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Lawmaker wants schools to teach students how to handle traffic stops

RICHMOND, Va. -- What are motorists expected to do when a police officer pulls them over?

"You talk to 10 different people, you're going to get 10 different answers," said Hampton Roads state delegate Jeion Ward (D-75th district).

And some of them, she added, will be wrong.

We went out and asked 10 drivers and indeed got mostly different answers, including "hide the drugs," "run" and "be respectful." (See video.)

This is why Ward has offered House Bill 2290 requiring students in Virginia driver's education programs be taught how they should conduct themselves when pulled over by law enforcement.

She said it should be no different than teaching the rules of the road and other safe driving practices, such as not drinking alcohol or texting.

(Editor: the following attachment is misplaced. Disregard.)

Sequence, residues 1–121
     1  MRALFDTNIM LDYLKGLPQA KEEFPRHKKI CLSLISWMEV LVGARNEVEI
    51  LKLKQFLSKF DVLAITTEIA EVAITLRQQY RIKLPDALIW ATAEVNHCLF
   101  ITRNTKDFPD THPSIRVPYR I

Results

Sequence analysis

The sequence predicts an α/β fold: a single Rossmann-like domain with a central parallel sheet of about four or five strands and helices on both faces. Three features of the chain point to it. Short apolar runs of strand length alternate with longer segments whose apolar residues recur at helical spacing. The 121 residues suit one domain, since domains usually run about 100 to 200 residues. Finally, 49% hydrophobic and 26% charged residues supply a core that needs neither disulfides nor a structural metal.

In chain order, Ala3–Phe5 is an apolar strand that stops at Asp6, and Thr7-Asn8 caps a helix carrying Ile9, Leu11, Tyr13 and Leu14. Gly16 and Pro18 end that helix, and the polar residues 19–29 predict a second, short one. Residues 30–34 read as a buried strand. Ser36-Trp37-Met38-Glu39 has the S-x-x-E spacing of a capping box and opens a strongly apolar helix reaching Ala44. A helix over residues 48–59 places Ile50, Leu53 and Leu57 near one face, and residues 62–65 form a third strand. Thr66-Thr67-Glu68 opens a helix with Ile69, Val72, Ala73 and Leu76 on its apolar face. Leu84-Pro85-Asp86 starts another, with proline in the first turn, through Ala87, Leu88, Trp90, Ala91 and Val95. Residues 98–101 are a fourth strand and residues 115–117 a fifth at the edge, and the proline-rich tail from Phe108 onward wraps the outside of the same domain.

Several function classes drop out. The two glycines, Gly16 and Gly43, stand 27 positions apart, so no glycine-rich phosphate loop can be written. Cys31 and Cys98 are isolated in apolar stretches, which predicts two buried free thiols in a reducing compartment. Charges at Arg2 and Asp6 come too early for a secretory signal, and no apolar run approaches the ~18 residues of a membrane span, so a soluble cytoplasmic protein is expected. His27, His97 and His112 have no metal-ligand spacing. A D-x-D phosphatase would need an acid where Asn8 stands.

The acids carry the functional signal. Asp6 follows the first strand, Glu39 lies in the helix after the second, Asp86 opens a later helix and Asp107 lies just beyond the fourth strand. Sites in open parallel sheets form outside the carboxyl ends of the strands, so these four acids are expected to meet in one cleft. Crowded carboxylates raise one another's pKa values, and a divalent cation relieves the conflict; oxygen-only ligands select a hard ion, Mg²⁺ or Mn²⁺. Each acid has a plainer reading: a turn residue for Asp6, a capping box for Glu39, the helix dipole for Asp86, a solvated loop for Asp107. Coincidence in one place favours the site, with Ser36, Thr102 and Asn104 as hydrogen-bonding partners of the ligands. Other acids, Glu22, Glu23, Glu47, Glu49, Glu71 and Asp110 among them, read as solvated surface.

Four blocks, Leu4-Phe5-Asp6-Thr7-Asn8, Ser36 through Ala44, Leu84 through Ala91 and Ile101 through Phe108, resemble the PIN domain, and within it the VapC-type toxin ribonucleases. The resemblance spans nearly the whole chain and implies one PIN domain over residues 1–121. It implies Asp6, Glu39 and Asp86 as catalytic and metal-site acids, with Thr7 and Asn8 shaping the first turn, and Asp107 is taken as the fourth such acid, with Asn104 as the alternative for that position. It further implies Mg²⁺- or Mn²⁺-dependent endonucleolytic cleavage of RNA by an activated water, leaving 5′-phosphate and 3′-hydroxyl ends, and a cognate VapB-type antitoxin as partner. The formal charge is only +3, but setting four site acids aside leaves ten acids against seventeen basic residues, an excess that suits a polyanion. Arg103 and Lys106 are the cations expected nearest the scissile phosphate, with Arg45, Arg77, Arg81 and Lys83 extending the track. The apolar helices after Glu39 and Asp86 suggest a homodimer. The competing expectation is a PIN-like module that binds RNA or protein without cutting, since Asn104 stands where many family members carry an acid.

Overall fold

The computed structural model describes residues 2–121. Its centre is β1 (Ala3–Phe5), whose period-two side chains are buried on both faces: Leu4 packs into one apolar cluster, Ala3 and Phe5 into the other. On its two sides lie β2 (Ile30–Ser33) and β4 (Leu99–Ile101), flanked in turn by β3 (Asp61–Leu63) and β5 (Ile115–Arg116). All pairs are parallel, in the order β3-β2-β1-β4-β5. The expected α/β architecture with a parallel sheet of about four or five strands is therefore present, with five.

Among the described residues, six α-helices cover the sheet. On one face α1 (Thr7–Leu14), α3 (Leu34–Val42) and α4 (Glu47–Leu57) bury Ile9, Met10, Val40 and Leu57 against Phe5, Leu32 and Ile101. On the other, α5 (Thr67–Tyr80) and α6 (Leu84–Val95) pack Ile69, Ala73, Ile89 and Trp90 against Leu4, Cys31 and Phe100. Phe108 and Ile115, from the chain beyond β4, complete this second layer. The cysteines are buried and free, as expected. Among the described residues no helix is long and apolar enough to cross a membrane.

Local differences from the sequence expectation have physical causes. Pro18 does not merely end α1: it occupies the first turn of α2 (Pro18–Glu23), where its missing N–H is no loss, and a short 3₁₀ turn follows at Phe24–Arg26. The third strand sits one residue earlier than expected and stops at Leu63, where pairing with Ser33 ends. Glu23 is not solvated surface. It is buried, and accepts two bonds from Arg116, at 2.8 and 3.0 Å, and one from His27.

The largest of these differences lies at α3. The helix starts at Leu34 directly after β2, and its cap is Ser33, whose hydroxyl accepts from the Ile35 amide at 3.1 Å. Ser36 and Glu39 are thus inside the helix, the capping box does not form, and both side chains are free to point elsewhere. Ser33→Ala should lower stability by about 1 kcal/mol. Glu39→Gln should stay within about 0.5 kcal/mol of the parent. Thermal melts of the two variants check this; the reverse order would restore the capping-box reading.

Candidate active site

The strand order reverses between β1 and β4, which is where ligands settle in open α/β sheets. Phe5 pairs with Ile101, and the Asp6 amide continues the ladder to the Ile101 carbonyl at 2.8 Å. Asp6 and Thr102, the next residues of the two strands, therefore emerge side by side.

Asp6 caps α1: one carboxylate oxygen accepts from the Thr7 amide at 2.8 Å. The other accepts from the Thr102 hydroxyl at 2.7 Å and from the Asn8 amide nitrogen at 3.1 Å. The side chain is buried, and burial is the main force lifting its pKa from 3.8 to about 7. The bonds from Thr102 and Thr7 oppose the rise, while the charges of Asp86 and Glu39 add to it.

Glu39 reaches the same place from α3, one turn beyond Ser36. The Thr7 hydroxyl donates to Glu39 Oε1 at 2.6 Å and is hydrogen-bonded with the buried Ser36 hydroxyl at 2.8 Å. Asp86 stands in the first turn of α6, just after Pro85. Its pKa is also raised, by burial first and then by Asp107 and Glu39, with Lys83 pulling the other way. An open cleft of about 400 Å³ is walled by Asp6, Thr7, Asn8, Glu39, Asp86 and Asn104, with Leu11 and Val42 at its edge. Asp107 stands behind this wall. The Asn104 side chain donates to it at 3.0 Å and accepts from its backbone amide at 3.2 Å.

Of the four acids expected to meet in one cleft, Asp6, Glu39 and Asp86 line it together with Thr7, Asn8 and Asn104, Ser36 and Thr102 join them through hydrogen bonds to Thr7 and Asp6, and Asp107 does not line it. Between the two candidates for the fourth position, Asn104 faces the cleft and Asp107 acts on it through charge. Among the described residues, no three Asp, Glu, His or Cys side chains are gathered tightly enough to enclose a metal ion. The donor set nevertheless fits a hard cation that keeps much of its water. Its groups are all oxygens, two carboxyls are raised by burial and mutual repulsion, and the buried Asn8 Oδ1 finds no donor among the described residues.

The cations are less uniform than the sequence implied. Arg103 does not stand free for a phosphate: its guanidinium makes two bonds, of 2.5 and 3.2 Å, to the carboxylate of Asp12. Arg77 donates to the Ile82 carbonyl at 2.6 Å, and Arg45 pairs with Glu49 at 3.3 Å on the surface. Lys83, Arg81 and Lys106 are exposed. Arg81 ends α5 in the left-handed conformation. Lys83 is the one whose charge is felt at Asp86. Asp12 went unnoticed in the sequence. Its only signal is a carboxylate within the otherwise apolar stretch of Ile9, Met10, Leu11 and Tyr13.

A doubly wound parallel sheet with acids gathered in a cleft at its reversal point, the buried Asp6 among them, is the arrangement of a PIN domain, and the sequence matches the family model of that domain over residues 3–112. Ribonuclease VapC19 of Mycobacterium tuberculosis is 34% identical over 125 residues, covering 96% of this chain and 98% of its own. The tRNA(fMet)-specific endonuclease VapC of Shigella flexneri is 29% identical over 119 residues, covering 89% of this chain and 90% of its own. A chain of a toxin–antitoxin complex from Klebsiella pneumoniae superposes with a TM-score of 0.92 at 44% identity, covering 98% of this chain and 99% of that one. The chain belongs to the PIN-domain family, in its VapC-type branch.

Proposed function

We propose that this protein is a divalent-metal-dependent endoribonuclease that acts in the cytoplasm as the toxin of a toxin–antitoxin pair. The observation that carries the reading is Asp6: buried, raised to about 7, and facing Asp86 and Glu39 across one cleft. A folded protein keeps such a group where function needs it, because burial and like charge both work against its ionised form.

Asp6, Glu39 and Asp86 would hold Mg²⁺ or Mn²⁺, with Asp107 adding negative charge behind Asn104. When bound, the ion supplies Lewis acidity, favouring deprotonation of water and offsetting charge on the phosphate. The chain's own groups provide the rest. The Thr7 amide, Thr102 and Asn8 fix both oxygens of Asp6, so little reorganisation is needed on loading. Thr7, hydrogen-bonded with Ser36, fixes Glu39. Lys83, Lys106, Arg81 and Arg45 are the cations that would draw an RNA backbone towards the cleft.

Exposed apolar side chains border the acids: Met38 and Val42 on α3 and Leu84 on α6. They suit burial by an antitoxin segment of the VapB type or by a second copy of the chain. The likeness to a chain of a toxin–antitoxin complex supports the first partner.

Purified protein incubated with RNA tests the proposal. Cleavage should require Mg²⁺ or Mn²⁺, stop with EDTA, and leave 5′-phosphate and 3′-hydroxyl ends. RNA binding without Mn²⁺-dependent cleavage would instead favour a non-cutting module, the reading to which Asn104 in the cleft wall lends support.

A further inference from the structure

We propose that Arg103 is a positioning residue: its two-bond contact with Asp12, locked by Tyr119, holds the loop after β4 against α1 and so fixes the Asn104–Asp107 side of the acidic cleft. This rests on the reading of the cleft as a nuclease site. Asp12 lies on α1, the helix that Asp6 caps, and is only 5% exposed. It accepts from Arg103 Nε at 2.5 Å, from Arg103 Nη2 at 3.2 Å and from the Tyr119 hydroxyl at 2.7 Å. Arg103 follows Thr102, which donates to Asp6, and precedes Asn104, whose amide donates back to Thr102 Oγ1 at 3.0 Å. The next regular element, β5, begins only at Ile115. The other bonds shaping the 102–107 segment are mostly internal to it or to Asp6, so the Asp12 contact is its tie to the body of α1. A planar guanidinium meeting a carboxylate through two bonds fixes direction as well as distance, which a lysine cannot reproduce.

Check around, you can get plenty of advice about what to do with your hands, your windows, your lights, what you should say and not say when you're stopped.

Hampton Roads state delegate Jeion Ward

Hampton Roads state delegate Jeion Ward

Requiring it be taught, Ward said, would force law enforcement agencies to come up with uniform and legal recommendations so there's no confusion.

"This should put everybody on the same page," Ward said. "Law enforcement is looking for this and drivers, this is what you're supposed to do."

More than a few recent police shootings have started with simple traffic stops.

Law enforcement leaders say it's among their very most dangerous and unpredictable tasks.

"It could be a small situation," Ward said. "But then with everyone upset, not quite knowing what to do, it could turn into a major situation just because you didn't know exactly what to do. You get nervous!"

"This is for everybody," added Ward, a member of the Virginia Legislative Black Caucus. "It doesn't matter your color" age or driving experience, she said.

HB-2230 is one of some 2300 bills this legislative session.